The term ‘estoppel’ has frequently been used in connection with the doctrine of res judicata, not only with respect to the relitigation of particular issues in a subsequent action on a different cause of action, but also with respect to the relitigation of the same cause of action. In some cases, the term ‘estoppel by judgment’ has been used to described the effect of a judgment to preclude relitigation of the same cause of action, and the phrase, ‘estoppel by verdict’, to describe the effect of the former proceeding to preclude further litigation of the particular facts on which the jury necessarily made findings in the former action. The decisions have not, however, been uniform in this respect, and in some opinions the term ‘estoppel by judgment’ has been used to describe the rule precluding the litigation of particular issues in a subsequent action on a different cause of action. Sometimes, the term ‘estoppel by record’ is so used. The more recent tendency is to describe the latter aspect of the doctrine of res judicata as a ‘collateral estoppel’ or a ‘collateral estoppel by judgment’, as distinguished from the ‘direct estoppel by judgment’ where the earlier and later causes of action are identical." 6

More and more, the tendency of procedural law is to obviate multiplicity of suit such that if an issue has been resolved in one cause of action, it cannot be relitigated in a subsequent case filed on a different cause of action. In Hoag v. New Jersey, 2L Ed. 2d., 913-919, the following was said by the United States Supreme Court:jgc:chanrobles.com.ph

"A common statement of the rule of collateral estoppel is that ‘where a question of fact essential to the judgment is actually litigated and determined by a valid and final judgment, the determination is conclusive between the parties in a subsequent action on a different cause of action’. Restatement, Judgments, #68(1). As an aspect of the broader doctrine of res judicata, collateral estoppel is designed to eliminate the expense, vexation, waste, and possible inconsistent results of duplicatory litigation. See Developments in the Law — Res Judicata, 65 Harv L Rev 818, 820." (Emphasis supplied)

In a previous case, this Court has similarly stated:jgc:chanrobles.com.ph

"The basis of the judgment was the stipulation of facts submitted by the parties and their agreement fixing the liability of the defendant therein for rentals and the manner in which the same was to be paid by him. It was a final judgment on the merits, and said judgment, under the express provisions of section 44, paragraph (b) of Rule 39 of the Rules of Court, is conclusive between the parties, not only as to the question on which the parties made stipulation but also as to any other possible issue which the parties could have raised in the case. The fact that the defendant in that action, plaintiff-appellant in this, did not raise that issue in the previous case is no reason for allowing him to raise the same issue in the action he has instituted to annul the said judgment. The principle of res judicata applicable is what is known as estoppel by judgment and in the language of Mr. Justice Field in the case of Crowmwell v. Sac Country, 94 U.S., 351, cited in Peñaloza v. Tuason, 22 Phil., 303, ‘It is a finality as to the claim or demand in controversy, concluding parties and those in privity with them, not only as to every matter which was offered and received to sustain or defeat the claim or demand, but as to any other admissible matter which might have been offered for that purpose." 7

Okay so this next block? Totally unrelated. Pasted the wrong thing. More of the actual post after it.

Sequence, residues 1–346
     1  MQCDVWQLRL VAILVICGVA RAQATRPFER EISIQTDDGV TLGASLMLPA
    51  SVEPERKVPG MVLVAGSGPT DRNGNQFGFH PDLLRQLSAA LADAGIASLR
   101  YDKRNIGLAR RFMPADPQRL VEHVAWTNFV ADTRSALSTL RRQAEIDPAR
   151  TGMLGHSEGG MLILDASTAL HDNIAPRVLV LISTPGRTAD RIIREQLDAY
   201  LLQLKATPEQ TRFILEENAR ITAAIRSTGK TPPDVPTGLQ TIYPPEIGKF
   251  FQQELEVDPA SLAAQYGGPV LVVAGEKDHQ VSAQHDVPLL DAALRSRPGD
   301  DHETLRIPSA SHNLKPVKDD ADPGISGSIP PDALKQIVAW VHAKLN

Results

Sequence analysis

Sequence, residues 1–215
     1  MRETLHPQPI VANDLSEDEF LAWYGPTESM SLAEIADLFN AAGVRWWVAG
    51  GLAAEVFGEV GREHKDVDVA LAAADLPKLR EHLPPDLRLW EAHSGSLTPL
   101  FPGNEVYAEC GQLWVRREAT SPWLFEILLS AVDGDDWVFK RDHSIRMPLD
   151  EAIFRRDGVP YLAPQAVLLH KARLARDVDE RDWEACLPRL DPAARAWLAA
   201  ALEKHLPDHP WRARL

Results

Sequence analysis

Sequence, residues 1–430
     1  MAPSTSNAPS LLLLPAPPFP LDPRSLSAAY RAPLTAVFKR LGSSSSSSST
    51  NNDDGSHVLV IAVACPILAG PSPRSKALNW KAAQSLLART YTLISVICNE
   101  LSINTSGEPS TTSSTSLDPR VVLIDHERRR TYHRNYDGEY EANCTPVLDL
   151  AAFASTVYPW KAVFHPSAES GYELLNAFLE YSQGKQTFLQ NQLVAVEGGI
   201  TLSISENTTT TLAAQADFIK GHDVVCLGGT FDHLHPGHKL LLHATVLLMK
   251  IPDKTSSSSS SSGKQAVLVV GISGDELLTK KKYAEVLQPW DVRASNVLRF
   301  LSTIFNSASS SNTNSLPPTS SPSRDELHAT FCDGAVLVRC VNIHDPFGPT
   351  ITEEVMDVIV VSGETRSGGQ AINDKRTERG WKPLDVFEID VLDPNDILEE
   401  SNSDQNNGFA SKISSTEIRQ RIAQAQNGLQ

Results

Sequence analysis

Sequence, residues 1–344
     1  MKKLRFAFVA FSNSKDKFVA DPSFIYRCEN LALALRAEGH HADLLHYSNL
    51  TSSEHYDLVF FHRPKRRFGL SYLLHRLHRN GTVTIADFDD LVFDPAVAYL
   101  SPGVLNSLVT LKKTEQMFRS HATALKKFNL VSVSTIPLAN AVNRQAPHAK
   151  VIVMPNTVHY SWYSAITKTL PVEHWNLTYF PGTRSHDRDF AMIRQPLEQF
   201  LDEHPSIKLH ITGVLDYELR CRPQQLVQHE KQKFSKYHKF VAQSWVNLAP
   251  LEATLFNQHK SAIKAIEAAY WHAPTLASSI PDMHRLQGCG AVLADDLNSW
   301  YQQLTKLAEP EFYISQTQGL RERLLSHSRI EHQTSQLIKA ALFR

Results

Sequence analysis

When VELASCO instituted the NUISANCE CASE, he conceded, which he is now estopped to deny, that MERALCO had the right to establish the sub-station within the PROPERTY without violation of the restriction to "residential purposes." What he subsequently alleged, after the sub-station had become operative, was that the sub-station, because of the generated noise, had become a nuisance which should be abated. Although the propriety of the establishment of the sub-station was not a controverted matter in the NUISANCE CASE, it was a tacit admission on the part of VELASCO, which can form part of an estoppel within the NUISANCE CASE. It would not be good law to allow him now to take the position, even if he had the right of action, that the construction of the sub-station violated the restriction provided for by PHHC. If the present standpoint of VELASCO should be upheld, then the procedurally wrong result would be that, after this Court had decided that the sub-station can remain within the PROPERTY with reduction of the noise, the Appellate Tribunal, a subordinate tribunal, can subsequently nullify the decision of this Court and order the removal of the sub-station from the PROPERTY.chanrobles virtual lawlibrary

WHEREFORE, considering the foregoing legal considerations, the Decision and Resolution of respondent Court of Appeals in its CA-G.R. No. 30488-R are reversed, and the Complaint filed in the case at bar is ordered dismissed.

Without costs.

SO ORDERED.

Teehankee, (Chairman), Makasiar, Plana, Relova and Gutierrez, Jr., JJ., concur.

Vasquez, J., no part.

Endnotes:



1. Penned by Justice Magno S. Gatmaitan and concurred in by Justices Ruperto G. Martin and Arsenio F. Solidum.

2. 109 Phil. 603 (1960).

3. 40 SCRA 342 (1971).

4. Kriedt v. E.C. McCullough & Co., 37 Phil. 474 (1918).

5. Durfee v. Duke, 375 US 106, 11 L Ed 2d 186, 84 S Ct. 242; Hoag v. New Jersey, 356 US 464, 2 L Ed 2d 913, 78 S Ct 829, reh den 357 US 933, 2 L Ed 1375, 78 S Ct 1366; Partmar Corp. v. Paramount Pictures Theatres Corp. 347 US 89, 98 L Ed 532,74 S Ct 414, reh den 347 US 931, 98 L Ed 1083, 74 S Ct 527; St. Lo Construction Co. v. Koenigsberger, 84 App DC 319, 174 F 2d 25, 10 ALR 2d 349, cert den 338 US 821, 94 L Ed 498, 70 S Ct 66; United States v. Silliman (CA3 NJ) 167 F 2d 607, cert den 335 US 825, 93 L Ed. 379, 69 S Ct. 48.

6. 46 Am Jur 2d, pp. 563-566.

7. Miranda v. Dominguez, 96 Phil. 526, 529-630 (1955).